Shipping industry is a fruitful field for business history studies. Earnings of shipping firms depend on the various factor such as the level of demand for the products carried, the effectiveness of competition on the structure of freight rates, the technical efficiency of the ship and the amount of shipping space on offer at a berth at any particular time in relation to the amount of cargo to be lifted. Over the past sixty years, the fluctuation of net earning from British shipping service has been very wide and the British shipowners maintained a competitive structure by building up reserves in good years from which to sustain building programmes during the poor years. By offering regular service, the Conference lines increased the commercial tempo of the countries which they served and safeguarded their capital by maintaining earning capacity, sustaining the efficiency of the shipping industry as a whole. Before 1939, the British fleets of cargo-liners were rebuilt twice. The first rebuilding, from 1885 to 1897, incorporated the change from compound to triple-expansion engines, the replacement of iron with steel, new system of ventilation and so on. The second reconstruction occurred between 1924 and 1929, switching from steam to diesel propulsion. The second change-over was less comprehensive because Britain was still a coal-based economy. For the shipping company which had a reasonably well diversified trade, it was still profitable to put capital into ships. If, however, a shipping line confined its activities to a limited number of routes, the investment of the company's resources in alternative enterprise would have been a prudent course to have taken.
The gate into modern industrial society is generally narrower for the follower than for the leader countries. Moreover, to catch up with the leader countries, the late-comers must pass this narrow gate more rapidly than did leader countries. Various segments and sectors in a backward economy are inevitably juxtaposed and the narrow gate forces all elements and sectors in the national economy. Therefore, the Meiji entrepreneurs in the course of industrialization tended to think and act rather with a broad and national horizon, considering the problems of various levels, sectors and units of the national economy. In short, the Meiji entrepreneurs were unable to secure their private profit unless those aspects of social interactions-social gains-were deliberated simultaneously. Such an organized aspect of Meiji entrepreneurship was particularly evident in foreign trade. Japan possessed no organization of foreign trade on the eve of industrialization. Therefore, the formation of powerful commercial enterprises had to precede the emergence of modern industrial production, and one of the results of such an evolution of commercial organization was the famous “general merchants” (sogoshosha), a unique feature in the modern industrial society of Japan. They had to perform the functions of bankers, exchange brokers, insurance brokers and sometimes even the function of shipping firms, and as such these multi-functional organizations gradually grew into big business. Through their world-wide network of branch offices, they explored the newest industrial techniques and surveyed market opportunities abroad. They proceeded at times to promote subsidiaries for the purpose of insustrializing the technology they imported and sometimes they purchased independent factories to assure the quantity of goods they were to export. Thus they truly became industrial organizers on a large scale. The “Zaibatsu” organization was the result of such an organized entrepreneurship executed by genral merchants.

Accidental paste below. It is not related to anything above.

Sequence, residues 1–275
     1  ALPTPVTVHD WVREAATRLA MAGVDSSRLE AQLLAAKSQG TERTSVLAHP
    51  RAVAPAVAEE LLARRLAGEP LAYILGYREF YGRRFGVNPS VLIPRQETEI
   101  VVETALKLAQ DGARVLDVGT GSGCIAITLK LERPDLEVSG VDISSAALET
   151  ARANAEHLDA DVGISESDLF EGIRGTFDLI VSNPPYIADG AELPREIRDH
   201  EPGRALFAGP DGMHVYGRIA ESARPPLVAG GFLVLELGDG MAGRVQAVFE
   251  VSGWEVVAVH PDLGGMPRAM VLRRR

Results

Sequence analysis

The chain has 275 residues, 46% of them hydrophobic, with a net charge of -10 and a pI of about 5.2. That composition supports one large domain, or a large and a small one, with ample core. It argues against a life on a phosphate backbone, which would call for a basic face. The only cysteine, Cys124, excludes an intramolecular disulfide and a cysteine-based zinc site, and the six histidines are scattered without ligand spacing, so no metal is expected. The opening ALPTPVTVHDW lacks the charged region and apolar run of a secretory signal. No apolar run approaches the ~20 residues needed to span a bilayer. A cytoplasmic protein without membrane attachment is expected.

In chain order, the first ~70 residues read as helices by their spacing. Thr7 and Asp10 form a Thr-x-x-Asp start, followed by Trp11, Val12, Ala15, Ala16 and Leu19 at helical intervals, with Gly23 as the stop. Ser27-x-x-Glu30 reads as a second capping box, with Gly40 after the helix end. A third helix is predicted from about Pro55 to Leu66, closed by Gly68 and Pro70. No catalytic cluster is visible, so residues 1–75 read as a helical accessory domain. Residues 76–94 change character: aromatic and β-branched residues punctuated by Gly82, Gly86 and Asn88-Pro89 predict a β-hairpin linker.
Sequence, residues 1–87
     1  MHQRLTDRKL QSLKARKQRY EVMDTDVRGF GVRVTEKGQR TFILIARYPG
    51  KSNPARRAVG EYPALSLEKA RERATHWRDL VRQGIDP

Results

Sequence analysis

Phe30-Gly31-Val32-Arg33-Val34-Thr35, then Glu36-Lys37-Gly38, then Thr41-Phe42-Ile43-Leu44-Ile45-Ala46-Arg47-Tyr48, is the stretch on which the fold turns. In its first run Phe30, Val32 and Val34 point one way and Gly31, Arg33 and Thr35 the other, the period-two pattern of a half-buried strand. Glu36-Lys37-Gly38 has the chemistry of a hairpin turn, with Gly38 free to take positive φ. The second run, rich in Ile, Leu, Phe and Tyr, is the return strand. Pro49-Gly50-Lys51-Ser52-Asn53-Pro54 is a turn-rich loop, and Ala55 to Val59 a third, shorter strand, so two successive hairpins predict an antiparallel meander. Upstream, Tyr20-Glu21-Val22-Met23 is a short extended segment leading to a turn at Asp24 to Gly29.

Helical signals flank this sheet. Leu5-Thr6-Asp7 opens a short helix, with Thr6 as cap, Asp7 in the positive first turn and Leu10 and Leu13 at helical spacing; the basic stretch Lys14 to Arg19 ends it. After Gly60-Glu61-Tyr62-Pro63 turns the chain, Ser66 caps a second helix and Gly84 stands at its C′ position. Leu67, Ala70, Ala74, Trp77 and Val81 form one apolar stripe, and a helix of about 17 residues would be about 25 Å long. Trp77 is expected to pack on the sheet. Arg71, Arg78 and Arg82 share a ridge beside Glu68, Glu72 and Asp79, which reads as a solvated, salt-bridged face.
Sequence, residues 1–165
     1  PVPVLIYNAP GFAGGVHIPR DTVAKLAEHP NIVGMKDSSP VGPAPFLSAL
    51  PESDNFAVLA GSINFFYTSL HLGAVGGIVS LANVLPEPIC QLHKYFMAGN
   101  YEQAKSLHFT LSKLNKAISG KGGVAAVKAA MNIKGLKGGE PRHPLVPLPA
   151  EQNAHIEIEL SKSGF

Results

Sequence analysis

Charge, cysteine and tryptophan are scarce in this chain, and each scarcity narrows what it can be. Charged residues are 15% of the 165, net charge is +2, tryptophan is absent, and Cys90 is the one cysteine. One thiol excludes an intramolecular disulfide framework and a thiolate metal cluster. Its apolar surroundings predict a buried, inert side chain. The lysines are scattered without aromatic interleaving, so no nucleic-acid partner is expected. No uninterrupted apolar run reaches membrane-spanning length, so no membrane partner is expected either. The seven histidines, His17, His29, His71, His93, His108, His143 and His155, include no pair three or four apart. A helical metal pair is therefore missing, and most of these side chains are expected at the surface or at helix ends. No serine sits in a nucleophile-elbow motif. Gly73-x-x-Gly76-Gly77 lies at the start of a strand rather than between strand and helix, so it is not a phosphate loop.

Raw silk was one of the major items of Japanese export at the beginning of Meiji period and the Italian and French machines were introduced into Japan for the purpose of modernizing the silk reeling industry. The Ono Company started to operate a large scale reeling machines of Italian type at its Miyamada Works in 1872. But on account of the lack of skill needed for handling the sophisticated machine, the output was small and the cost of production was inevitably quite high. Unstable supply of cocoon was another source of trouble for the Miyamada Works which eventually fell into financial difficulties in 1874. Almost all the silk reeling works of Western model had to suffer the same kind of difficulties. But the cotton industry, another textile industry that had introduced foreign machines aggressively almost from England, had achieved a brilliant success in establishing modern mills which were sufficiently competitive in international market. What was the reason for this difference between the two textile industries?